The Coastguard, Emergency Towing Vessels and the Maritime Incident Response Group - Transport Committee Contents


Conclusion

78. The MCA hopes to save £20m a year by 2014-15 by restructuring the Coastguard Service, ending the state's Emergency Towing Vessels (ETV) contract and withdrawing funding from the Maritime Incident Response Group (MIRG). The three separate proposals are interlinked. Throughout our inquiry, we have seen how each facility plays an important part in saving lives at sea or protecting the coastal environment. We heard how the Coastguard work closely with the ETVs and regard the vessels as a crucial asset. ETVs have been used to support the delivery of MIRG operations. The impact of the funding reductions to these three services should be considered as a whole.

79. Taken together, the proposed changes to the co-ordination of the Coastguard and the potential loss of the ETVs and the MIRG represent a significant restructuring of the country's marine search and rescue and accident and pollution prevention capabilities. It is regrettable that the Department for Transport announced all three sets of maritime proposals with no prior consultation whatsoever and did not consider their combined impact.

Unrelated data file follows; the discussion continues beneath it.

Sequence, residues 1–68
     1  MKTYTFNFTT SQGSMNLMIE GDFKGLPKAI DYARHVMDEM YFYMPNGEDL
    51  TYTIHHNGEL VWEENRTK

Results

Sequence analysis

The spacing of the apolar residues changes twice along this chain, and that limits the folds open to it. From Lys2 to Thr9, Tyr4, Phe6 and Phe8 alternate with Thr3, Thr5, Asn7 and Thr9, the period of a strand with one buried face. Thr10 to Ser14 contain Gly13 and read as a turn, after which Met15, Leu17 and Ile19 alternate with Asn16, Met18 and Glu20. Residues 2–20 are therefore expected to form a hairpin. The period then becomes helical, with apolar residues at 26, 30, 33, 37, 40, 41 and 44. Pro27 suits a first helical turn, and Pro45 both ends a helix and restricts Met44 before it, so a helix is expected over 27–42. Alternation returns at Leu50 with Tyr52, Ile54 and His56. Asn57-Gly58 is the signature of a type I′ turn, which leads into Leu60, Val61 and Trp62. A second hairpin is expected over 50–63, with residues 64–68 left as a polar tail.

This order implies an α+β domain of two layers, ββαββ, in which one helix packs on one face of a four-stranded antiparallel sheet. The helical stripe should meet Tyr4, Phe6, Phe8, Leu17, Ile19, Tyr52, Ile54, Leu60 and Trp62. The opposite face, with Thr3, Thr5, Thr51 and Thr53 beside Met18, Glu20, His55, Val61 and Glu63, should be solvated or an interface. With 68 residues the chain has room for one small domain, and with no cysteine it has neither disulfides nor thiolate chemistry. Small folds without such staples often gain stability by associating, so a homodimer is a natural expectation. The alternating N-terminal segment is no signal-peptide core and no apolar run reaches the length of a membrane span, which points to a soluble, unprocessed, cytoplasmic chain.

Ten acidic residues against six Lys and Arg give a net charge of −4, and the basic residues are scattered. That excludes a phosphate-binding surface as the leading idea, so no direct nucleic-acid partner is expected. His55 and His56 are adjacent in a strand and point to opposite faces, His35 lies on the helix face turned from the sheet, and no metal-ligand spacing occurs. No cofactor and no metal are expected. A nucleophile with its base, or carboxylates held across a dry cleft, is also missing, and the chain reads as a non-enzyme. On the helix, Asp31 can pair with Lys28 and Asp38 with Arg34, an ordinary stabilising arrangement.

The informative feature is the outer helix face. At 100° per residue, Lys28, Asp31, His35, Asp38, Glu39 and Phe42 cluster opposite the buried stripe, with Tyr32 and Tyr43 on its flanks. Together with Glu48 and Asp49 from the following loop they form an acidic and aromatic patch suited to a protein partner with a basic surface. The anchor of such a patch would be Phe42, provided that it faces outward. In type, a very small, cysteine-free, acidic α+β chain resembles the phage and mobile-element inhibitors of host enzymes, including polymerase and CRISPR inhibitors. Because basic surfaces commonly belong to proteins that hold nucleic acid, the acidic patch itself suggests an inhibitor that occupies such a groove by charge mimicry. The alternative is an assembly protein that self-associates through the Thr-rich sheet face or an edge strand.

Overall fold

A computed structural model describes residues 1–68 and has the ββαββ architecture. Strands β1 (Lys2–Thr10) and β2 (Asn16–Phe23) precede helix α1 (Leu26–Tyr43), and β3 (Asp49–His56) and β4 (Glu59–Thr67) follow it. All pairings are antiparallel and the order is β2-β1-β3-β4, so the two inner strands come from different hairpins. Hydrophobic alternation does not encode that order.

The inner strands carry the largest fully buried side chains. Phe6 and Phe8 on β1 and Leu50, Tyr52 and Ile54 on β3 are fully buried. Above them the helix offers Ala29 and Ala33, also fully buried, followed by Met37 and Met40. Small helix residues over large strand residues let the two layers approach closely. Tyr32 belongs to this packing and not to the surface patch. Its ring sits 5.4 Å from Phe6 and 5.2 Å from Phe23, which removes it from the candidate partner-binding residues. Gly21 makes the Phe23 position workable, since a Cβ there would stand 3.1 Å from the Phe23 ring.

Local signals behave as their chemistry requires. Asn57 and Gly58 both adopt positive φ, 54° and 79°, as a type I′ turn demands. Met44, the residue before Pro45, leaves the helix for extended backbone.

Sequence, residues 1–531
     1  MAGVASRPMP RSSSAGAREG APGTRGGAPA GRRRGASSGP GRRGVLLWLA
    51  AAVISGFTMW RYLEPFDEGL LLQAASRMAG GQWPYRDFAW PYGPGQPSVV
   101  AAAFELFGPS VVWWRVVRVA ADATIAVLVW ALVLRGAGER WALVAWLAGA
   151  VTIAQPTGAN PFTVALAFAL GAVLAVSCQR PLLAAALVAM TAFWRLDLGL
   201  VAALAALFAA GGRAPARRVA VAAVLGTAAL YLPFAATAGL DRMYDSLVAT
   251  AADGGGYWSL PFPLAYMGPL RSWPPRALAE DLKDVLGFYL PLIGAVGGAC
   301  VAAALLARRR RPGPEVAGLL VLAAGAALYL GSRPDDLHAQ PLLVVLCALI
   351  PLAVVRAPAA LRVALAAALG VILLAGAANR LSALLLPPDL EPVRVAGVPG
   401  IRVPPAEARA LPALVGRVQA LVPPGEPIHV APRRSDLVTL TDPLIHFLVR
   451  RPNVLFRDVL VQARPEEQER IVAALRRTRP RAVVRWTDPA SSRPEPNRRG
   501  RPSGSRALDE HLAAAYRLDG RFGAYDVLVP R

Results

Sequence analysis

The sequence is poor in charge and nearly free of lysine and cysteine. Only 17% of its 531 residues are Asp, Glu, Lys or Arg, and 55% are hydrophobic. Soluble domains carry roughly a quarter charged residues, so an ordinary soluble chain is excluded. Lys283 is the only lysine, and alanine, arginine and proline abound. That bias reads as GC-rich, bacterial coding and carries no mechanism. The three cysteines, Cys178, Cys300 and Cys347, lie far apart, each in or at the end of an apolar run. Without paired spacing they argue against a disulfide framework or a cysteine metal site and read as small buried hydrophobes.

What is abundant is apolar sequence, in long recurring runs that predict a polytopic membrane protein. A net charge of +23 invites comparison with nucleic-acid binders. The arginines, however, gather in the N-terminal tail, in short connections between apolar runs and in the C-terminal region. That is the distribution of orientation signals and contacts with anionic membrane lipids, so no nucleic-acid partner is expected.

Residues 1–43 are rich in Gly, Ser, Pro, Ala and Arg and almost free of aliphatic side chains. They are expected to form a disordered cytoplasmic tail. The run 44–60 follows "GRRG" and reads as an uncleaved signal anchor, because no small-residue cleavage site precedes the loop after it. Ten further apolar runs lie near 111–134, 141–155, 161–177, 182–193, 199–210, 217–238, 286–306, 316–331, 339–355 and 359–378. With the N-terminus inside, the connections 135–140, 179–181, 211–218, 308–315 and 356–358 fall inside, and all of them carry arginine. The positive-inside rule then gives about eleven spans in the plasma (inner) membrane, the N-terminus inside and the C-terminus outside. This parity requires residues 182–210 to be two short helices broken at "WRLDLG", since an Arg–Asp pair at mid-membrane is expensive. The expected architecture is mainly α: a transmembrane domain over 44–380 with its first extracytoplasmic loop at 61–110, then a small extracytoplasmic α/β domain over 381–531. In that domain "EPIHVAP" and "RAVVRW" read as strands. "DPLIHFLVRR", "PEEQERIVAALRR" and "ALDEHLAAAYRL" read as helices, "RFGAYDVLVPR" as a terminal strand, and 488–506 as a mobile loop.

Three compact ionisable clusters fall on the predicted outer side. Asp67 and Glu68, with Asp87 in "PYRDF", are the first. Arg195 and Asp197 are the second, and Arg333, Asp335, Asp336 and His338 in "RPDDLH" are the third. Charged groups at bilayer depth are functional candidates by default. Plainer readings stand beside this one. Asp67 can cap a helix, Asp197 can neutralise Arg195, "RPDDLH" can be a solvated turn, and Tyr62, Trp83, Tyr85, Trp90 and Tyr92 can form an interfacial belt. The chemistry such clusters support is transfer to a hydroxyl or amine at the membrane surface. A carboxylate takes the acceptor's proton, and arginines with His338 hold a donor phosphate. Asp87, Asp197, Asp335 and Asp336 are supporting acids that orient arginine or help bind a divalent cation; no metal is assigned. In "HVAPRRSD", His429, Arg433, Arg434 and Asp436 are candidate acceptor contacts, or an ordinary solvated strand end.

80. We cannot support the MCA's proposals on the future of the Coastguard in their current form. We oppose the withdrawal of funding for the ETVs because we feel there is no alternative in place, but we welcome efforts to find alternative revenue streams to cover their costs. We oppose ceasing central funding to the MIRG because local fire services cannot and should not be expected to support a national strategy. Whilst we recognise the pressure on the Government to make financial savings, we cannot support proposals that reduce maritime safety in this way.


 
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Prepared 23 June 2011